Favre N-S equations, energy equation and heat fluxes
In order to take into consideration the mean density variations due to the transonic Mach number compressibility effects, the Favre-averaged formulation of the Navier-Stokes and energy equations were used. The total energy transport equation was incorporated into the solver and different expressions were used for the modelling of the turbulent heat fluxes, depending on the turbulence model adopted for calculating the Reynolds-stresses. For the EVMs, the eddy-diffusivity concept with the use of the turbulent Prandtl number was adopted, while for the RSM the GGDH was implemented. The same technique was also used by Batten et al. (1999) who modelled two- and three-dimensional compressible flows with the use of a non-linear RSM providing very good results in comparison to experimental data. Finally, for the correlation of the pressure-temperature-density variation the equation of state was used and Sutherland's law for the molecular viscosity was adopted in order to incorporate the viscosity changes due to the temperature variation. The equations are again all given in VY.
Compressibility effects on turbulence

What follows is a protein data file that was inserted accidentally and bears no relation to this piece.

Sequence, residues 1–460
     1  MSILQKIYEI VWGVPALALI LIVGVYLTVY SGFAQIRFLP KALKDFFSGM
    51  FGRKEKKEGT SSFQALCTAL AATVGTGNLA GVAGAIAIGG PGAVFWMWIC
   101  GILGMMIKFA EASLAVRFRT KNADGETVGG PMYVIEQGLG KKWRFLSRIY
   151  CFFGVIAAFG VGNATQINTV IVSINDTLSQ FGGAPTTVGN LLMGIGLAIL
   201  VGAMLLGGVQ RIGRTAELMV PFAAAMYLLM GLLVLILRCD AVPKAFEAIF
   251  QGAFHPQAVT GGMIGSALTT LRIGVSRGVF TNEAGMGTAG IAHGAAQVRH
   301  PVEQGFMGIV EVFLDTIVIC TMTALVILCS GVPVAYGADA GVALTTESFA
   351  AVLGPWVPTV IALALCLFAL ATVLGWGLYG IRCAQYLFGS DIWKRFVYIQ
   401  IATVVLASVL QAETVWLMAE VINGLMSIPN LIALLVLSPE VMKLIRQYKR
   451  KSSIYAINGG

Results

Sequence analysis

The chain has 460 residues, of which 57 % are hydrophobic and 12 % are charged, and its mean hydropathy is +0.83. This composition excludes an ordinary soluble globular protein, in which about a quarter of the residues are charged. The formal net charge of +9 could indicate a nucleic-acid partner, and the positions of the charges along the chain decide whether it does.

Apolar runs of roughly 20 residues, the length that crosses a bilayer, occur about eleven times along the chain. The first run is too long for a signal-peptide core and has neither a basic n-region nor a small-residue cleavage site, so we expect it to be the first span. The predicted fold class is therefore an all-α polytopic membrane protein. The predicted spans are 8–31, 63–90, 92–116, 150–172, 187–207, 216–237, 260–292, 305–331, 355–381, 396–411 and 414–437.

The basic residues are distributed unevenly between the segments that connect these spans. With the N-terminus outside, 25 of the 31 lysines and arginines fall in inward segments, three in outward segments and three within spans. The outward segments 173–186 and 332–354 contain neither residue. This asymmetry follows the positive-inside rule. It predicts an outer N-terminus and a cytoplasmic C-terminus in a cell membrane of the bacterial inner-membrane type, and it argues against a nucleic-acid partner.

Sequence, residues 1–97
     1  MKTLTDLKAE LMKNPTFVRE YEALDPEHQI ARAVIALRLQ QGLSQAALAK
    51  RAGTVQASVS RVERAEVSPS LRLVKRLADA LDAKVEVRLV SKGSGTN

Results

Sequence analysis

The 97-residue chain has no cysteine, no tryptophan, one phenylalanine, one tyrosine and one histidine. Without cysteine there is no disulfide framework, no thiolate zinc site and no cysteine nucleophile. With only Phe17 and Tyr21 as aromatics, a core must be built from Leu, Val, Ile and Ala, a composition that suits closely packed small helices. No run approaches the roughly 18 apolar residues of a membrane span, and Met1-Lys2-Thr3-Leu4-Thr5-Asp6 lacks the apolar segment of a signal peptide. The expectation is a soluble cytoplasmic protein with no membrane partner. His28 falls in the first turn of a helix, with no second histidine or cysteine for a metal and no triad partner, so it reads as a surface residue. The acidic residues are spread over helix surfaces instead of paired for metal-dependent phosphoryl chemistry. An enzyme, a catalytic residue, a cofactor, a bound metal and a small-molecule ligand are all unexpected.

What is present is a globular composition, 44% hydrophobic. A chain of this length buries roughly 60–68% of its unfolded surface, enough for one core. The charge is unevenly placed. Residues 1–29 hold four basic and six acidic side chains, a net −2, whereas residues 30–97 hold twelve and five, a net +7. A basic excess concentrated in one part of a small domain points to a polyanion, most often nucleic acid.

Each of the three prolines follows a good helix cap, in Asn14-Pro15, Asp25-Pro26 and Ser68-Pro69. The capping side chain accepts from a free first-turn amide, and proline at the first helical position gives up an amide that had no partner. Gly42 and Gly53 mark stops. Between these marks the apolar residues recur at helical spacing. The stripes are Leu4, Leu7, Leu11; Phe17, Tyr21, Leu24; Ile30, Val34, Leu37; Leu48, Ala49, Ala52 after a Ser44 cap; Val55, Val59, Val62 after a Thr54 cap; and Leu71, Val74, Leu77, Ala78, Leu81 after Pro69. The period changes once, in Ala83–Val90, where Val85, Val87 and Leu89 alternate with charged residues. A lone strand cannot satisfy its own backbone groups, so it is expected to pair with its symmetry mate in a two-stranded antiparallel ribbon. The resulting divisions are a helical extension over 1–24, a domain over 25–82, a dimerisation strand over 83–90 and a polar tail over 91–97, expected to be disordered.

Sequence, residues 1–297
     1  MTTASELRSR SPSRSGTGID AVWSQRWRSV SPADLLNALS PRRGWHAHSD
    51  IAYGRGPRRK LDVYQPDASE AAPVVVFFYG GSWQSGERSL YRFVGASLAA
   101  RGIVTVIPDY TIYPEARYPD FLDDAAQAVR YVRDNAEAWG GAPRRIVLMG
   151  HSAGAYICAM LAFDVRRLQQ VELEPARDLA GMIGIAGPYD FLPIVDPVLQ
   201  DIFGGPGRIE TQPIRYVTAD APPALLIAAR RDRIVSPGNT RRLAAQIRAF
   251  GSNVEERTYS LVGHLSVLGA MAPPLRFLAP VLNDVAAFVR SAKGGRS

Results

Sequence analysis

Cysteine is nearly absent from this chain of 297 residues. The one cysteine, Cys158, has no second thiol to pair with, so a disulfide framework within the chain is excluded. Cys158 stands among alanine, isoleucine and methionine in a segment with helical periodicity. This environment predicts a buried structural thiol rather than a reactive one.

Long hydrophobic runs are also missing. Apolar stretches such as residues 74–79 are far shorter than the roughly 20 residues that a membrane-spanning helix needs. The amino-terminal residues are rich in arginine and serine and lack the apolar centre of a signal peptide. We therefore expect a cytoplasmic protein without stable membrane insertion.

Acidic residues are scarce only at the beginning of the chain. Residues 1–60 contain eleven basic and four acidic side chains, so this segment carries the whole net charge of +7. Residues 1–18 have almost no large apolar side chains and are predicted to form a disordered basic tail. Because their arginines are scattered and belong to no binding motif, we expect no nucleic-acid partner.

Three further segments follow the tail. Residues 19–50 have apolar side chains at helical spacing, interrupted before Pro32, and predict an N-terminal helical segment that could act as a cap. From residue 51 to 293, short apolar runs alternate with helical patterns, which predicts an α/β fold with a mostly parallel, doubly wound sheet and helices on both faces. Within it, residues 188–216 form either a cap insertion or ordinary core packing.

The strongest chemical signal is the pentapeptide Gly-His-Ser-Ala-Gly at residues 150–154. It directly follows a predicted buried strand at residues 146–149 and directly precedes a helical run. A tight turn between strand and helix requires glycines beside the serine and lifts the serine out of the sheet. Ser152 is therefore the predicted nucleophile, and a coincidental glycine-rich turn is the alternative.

The transport equation for the turbulent dissipation refers only to the solenoidal dissipation of the turbulent kinetic energy. In order to take into account the compressible part of the dissipation, named dilatation dissipation, the proposal of Sarkar et al. (1989) was adopted. The dilatation dissipation is a function of the turbulent Mach number and the turbulent kinetic energy and it is proportional to the solenoidal dissipation rate. For the EVMs the dilatation-dissipation is incorporated into the transport equation of the turbulent kinetic energy by adding an extra source term to the turbulent transport equation. For the RSM an extra term is added to the Reynolds-stress dissipation rate tensor and as a result to the Reynolds-stress transport equations, but only for the normal Reynolds-stress components. As a final conclusion, the adopted compressibility corrections did not present any significant improvement of the final computational results, except for the LEVM and the “weak” Mach number case. The impact of the dilatation dissipation on the numerical results is presented in the Evaluation section of the current UFR.